A study led by Vall d'Hebron concludes that the Mediterranean diet increases the activity of the colonic microbiota. This increase in values can be translated into an increase in gas due to the high fermentative activity of the intestine. The research has been carried out by a team of scientists led by Dr. Fernando Azpiroz, specialist of the Digestive System Service of the Vall d'Hebron University Hospital and head of the Physiology and Digestive Pathophysiology group of the Vall d'Hebron Research Institute (VHIR) and of the Neurogastroenterology group of CIBEREHD and has been published in the journal Nutrients.

The aim of the researchers was to determine the effect of diet on the intestinal microbiota, the set of microorganisms found in the intestines. They conducted a randomised, crossover study of the Western diet and the fibre-rich Mediterranean diet by analysing the cases of 20 healthy men. Only men were analysed in order to avoid gender differences influencing the results obtained.

To carry out the research, participants underwent two-week periods for each type of diet. In addition, during the intermediate period of model switching, they underwent a further two-week washout diet. The procedure also looked at the impact of these two diets on their digestive function and the feelings provoked in each individual among other issues.

"This study shows how the Mediterranean-type diet induces an adaptation of the gut microbiota, which allows a more efficient utilisation and better tolerance of the healthy diet rich in plant residues. Interestingly, this adaptive process does not require a major structural change of the microbiota, but is mainly carried out by an adaptation of the metabolic pathways of the pre-existing microorganisms. In other words, the microorganisms themselves learn to use the available substrates more efficiently", says Dr Azpiroz.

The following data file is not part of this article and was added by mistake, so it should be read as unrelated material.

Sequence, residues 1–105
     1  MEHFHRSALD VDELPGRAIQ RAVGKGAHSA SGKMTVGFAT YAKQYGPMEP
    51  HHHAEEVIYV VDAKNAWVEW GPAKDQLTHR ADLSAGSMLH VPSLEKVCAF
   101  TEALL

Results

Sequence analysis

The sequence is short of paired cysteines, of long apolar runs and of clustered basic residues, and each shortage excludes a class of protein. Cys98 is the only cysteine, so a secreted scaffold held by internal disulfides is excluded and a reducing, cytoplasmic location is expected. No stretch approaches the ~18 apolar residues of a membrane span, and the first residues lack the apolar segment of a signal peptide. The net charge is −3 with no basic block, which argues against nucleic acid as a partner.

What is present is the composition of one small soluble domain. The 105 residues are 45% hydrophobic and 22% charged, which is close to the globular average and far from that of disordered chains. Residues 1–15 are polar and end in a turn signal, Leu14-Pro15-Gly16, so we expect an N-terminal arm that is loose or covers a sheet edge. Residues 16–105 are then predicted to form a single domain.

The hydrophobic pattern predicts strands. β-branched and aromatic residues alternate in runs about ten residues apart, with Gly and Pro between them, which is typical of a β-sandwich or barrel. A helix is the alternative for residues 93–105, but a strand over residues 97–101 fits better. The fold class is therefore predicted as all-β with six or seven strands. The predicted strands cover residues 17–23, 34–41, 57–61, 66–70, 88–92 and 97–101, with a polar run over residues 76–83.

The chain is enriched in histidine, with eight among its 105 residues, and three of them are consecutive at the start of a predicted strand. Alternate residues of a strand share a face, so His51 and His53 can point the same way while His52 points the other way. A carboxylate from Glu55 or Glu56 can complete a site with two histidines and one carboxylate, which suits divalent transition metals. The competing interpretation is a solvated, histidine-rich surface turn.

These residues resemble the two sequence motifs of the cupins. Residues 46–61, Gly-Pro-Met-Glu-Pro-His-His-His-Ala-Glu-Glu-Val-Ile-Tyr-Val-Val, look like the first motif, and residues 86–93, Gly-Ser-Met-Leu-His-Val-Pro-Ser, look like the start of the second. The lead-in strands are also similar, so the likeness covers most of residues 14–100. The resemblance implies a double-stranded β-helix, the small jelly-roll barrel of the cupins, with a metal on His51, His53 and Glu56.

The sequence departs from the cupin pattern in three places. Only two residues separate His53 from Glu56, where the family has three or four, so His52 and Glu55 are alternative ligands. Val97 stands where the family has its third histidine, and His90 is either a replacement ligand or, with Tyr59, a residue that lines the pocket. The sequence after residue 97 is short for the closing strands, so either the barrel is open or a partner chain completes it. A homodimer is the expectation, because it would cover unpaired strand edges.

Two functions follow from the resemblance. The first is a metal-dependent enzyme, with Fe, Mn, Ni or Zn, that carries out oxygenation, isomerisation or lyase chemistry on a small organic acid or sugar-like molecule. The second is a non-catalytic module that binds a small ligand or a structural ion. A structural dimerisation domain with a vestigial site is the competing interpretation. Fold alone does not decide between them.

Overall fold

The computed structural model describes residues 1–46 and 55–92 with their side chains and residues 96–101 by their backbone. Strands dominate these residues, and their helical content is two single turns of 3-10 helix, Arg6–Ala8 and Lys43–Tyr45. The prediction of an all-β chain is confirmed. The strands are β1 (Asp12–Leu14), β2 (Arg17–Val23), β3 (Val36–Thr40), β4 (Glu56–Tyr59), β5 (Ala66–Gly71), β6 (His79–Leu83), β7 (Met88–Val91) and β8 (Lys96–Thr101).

Differences in microbial metabolisms

The main characteristic of the Mediterranean diet is its high fibre content. In contrast, the Western diet has fewer plant elements and more fat. Therefore, the results of the study show that the Mediterranean diet generates, in comparison with the Western diet, a greater number of gases, flatulence and intestinal noises. In addition, it also generates a higher colonic content.

Despite the differences in the composition of the microbiota between the two models, the study found that the metabolic functions in the organisms are almost identical. However, the study detected changes in some pathways of microbial metabolism. The study also found that the effects of the diets are less evident in individuals with a robust microbiota.

In this regard, the publication states that healthy individuals who change their diet tolerate the change in diet with fewer changes in microbial composition but with differences in microbial metabolism.

The study, awarded the Hippocrates International Prize 2021 by the Royal Academy of Medicine and Surgery of the Principality of Asturias, has counted with the participation of the Vall d'Hebron Research Institute (VHIR), the Autonomous University of Barcelona (UAB), the Center for Biomedical Research Network of Liver and Digestive Diseases (CIBEREHD) and the CSIC of Asturias and Murcia.

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